Video Games Review: Sonic Mania (Switch, 2016) is the first true Sonic game in nearly 25 years

Sonic Mania is a gift. For Sega kids everywhere, it is a portal to your childhood. For long-suffering Sonic fans, it is a well overdue homecoming. It is proof that the Sonic the Hedgehog formula, abandoned in the Saturn era, is as fun, interesting and engaging as it was in the early 90’s. After nearly 25 years of Sonic games that made me want to forget he ever existed, I can’t tell you how good it is to have the Sonic I know and love returned to me.

Sonic Mania is equal parts spiritual successor, loving homage and a fresh take on the Mega Drive era material, wisely eschewing every game to come out of the Sonic franchise since 1994’s Sonic & Knuckles.

It is not the first game to try plumbing the nostalgic depths of the 16-bit era Sonic titles — the passable Sonic Advance and Sonic the Hedgehog 4, a game utterly unworthy of the number it placed upon its own head, both gave it a go and failed to measure up. That was the early-to-mid 2000’s, though — flush with powerful new hardware that let us leave the graphics and mechanics of old behind, we weren’t looking back, only forward. And so began the long dark period of Sega fundamentally misunderstanding what made their landmark character so great, a period that has yet to actually come to an end.

In using the Mega Drive era titles as its springboard Sonic Mania makes it clear that, much like the vast majority of Sonic fans, it doesn’t give a shit about anything Sega have done with the series since 1994. What it does instead is look critically at the original four games and studies them inside and out, looking at what made them work, and seeks to not only replicate it but iterate logically on it as well.

For those who, like me, spent hundreds of hours playing these games in their youth, there is so much that is recognisable about Sonic Mania. The intro pulled from Sonic 3 that ties the game’s story to the end of Sonic & Knuckles. The way the game remixes enemies, devices and mechanics from each of the four games in different ways to create startlingly well-crafted new levels. The impeccable sprite and background work that flawlessly evokes the Mega Drive colour palette while performing subtle animations that hardware could have only dreamed of. The way it recreates those old levels in such minute detail that you are instantly transported back to your parents living room at the age of eight.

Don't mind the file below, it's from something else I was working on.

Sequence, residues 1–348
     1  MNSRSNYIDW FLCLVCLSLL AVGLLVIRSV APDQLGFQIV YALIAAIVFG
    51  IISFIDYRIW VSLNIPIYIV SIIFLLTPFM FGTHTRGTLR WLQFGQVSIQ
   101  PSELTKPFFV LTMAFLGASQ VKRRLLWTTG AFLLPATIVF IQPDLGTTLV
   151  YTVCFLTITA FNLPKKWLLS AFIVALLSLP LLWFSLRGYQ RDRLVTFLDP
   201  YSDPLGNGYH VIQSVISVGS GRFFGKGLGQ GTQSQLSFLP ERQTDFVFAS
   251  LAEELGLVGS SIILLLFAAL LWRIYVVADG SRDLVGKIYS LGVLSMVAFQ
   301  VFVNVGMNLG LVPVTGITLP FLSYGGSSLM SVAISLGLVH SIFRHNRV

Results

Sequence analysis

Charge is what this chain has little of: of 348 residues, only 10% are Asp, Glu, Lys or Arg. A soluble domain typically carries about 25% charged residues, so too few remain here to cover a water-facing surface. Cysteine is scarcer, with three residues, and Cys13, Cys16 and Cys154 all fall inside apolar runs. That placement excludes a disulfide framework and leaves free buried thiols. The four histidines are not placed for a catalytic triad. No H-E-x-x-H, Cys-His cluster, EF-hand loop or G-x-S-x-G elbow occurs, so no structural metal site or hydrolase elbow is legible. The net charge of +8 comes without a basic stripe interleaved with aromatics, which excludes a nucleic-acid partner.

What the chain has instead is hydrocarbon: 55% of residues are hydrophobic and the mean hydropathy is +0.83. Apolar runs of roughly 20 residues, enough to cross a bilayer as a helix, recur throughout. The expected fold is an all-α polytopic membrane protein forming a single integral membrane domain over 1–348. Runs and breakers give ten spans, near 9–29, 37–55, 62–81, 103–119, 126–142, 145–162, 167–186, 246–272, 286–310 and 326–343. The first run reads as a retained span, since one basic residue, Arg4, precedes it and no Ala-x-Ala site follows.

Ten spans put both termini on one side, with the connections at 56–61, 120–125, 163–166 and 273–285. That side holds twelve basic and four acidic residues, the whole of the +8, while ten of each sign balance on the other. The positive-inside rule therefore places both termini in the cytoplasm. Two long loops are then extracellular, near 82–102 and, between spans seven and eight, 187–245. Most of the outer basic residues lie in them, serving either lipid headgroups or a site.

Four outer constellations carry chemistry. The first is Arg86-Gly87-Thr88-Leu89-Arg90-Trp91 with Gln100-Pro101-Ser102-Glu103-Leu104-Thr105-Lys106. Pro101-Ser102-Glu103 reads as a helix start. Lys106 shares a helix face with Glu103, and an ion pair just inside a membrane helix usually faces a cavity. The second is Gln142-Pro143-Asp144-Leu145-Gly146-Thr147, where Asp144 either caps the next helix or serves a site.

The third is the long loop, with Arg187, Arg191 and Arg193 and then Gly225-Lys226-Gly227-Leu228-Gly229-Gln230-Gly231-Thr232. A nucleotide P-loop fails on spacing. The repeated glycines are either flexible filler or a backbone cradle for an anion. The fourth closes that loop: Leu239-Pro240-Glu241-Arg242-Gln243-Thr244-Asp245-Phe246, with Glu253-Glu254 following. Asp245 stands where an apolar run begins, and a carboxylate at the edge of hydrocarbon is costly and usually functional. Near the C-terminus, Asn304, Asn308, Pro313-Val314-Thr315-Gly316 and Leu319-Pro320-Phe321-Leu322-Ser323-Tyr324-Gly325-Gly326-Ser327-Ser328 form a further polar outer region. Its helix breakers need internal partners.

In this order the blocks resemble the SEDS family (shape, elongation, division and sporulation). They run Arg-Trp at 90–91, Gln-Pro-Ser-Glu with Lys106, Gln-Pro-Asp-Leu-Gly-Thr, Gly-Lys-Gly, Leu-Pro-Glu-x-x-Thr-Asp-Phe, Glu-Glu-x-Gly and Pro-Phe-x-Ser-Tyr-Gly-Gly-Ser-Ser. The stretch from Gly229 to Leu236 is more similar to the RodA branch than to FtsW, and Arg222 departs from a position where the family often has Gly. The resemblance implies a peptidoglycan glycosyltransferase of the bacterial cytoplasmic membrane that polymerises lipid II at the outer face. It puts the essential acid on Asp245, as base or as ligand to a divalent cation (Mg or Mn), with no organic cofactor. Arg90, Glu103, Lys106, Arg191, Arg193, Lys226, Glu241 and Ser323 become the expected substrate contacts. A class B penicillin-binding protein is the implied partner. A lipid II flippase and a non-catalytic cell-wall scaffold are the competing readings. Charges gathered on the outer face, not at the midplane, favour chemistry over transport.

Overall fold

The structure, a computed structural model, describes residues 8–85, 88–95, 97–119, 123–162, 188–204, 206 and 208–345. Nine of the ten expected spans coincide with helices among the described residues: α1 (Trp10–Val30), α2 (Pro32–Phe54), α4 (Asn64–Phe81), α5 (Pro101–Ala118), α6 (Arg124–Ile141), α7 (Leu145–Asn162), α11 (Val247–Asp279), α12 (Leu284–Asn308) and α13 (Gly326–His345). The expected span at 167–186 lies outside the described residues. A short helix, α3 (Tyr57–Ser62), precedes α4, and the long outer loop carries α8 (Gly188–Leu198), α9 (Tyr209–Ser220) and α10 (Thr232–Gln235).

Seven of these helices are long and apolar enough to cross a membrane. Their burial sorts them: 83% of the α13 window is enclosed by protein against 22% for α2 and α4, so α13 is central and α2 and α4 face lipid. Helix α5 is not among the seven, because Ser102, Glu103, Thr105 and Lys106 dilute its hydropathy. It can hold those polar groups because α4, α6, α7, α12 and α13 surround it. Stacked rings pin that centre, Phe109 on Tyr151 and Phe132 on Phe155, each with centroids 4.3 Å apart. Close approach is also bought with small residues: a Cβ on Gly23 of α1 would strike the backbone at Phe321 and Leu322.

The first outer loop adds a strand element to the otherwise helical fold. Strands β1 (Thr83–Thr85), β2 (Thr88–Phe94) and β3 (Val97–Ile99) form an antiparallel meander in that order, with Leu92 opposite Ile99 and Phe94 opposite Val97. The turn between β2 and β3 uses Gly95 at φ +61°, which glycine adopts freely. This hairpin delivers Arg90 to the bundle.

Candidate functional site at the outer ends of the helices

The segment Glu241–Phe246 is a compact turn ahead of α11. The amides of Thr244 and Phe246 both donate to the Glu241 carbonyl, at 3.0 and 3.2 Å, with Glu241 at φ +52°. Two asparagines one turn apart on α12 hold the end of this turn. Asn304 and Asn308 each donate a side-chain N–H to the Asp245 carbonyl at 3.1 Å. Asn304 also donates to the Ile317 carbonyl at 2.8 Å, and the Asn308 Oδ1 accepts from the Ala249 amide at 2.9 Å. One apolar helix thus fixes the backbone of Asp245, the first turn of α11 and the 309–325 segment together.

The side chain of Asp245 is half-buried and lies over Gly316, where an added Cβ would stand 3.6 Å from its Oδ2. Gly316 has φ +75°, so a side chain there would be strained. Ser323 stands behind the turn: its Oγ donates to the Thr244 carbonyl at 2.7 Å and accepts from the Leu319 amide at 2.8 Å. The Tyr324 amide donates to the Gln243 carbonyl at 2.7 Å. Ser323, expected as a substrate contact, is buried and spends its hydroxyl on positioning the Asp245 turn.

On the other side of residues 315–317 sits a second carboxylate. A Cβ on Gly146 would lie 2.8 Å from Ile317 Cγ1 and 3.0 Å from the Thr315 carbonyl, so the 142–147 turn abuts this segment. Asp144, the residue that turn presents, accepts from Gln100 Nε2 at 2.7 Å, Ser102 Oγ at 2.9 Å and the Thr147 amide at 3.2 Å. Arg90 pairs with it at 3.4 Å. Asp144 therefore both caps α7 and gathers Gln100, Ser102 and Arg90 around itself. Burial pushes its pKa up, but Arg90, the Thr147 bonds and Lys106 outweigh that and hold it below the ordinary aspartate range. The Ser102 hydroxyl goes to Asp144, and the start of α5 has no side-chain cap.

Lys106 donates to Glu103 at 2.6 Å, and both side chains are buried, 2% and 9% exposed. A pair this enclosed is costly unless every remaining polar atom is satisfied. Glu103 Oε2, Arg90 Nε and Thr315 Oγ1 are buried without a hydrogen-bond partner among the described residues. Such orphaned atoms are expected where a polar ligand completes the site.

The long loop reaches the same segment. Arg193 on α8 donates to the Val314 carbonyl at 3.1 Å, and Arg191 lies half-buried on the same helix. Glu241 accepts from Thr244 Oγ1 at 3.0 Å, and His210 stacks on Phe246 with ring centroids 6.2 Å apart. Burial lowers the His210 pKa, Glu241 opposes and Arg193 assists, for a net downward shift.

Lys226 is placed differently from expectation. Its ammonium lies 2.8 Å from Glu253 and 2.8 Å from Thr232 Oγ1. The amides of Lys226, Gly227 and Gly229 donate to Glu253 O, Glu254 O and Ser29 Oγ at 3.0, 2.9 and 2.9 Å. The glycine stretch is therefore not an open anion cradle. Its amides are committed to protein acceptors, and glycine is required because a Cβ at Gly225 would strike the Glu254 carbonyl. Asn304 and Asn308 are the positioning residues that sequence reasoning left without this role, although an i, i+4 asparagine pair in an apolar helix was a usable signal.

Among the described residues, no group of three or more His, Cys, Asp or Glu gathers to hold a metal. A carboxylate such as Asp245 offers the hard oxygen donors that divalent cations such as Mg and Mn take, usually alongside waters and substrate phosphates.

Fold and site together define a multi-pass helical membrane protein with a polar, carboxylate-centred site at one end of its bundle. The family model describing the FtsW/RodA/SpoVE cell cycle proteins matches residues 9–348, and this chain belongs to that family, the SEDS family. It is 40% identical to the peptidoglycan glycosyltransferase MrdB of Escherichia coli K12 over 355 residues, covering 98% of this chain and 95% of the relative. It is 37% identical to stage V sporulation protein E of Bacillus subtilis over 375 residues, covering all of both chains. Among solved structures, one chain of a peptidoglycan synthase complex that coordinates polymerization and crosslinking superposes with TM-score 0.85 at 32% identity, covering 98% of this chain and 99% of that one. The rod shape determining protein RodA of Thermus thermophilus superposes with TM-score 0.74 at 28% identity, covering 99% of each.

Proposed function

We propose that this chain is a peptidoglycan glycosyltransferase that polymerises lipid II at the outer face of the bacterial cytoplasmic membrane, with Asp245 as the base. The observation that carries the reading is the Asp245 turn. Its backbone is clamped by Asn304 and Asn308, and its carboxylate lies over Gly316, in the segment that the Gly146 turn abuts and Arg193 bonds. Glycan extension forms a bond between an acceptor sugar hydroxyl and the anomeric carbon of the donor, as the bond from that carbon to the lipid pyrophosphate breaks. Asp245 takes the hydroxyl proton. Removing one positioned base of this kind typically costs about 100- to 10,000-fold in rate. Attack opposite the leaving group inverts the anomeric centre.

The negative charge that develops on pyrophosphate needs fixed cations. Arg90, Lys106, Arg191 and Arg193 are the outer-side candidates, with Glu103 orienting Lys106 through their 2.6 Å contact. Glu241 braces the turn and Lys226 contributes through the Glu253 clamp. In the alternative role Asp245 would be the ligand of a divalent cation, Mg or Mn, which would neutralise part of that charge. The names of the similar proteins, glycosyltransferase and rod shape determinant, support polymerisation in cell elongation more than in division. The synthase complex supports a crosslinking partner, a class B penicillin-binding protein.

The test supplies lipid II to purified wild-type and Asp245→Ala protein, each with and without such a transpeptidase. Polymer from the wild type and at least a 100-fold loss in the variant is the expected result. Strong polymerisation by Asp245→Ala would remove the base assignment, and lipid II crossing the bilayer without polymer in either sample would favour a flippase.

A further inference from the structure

Over the course of its fourteen stages, Sonic Mania follows a fairly tight script — each level is two acts (ala Sonic 3) with a miniboss fight at the end of Act 1 and a fully-fledged boss fight at the end of Act 2. When it pulls levels from classic titles, Act 1 is typically a flawless recreation of the original to ease you back in. Act 2 then remixes the level with their own modern design and mechanics. When the game did throw a new level at me, despite never having played them before, I wondered for quite a while if I had because they all felt so intuitive.

This is the highest praise I can give developers Christian Whitehead (an Aussie, bless his heart), Headcannon Games, PagodaWest Games and even composer Tee Lopez — even when they bring something entirely of their own invention to the table, it is completely in sync with the design, look, feel and spirit of the originals. When they throw things in from other games, it’s always in a way that will surprise and delight you.

To be clear, the things you maybe weren’t so fond of about the Sonic games of old haven’t gone anywhere either — the dreaded water levels, the bogus deaths due to moving platform clipping, the fact that the second player controlling Tails gets to do basically nothing but provide situational air support (and thanks to my sister Erin for being a willing and lifelong Tails co-pilot, I look forward to playing this with you). Each of these gripes, every last one of them, I am as willing to overlook now as I was as a kid. In no way do they detract from the joy of the experience. If anything, they only serve to further highlight just how accurately the devs have been able to recreate the originals.

Sonic Mania is a masterpiece. It could have easily been a greatest hits package and I would have been happy to let it slide, such is the quality of the presentation. But it never rests on its laurels, it’s great fun, it hits the nostalgia button in just the right way and, most importantly, it gave me my speedy blue son back.

I love Sonic Mania and, if you were a Sega kid too, so will you.

Score: 10 out of 10
Highlights: Flawlessly recreates the Sonic of old; Clever, inventive new content; Dat soundtrack
Lowlights: The almost 25 years of terrible games that led to this beautiful moment
Developer: Christian Whitehead, Headcannon Games, PagodaWest Games
Publisher: Sega
Platforms: PlayStation 4, Xbox One, Nintendo Switch, Windows PC
Available: Now

Reviewed on Nintendo Switch.


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David Smith

David Smith is the games and technology editor at The AU Review. He has previously written for PC World Australia. You can find him on Twitter at @RhunWords.

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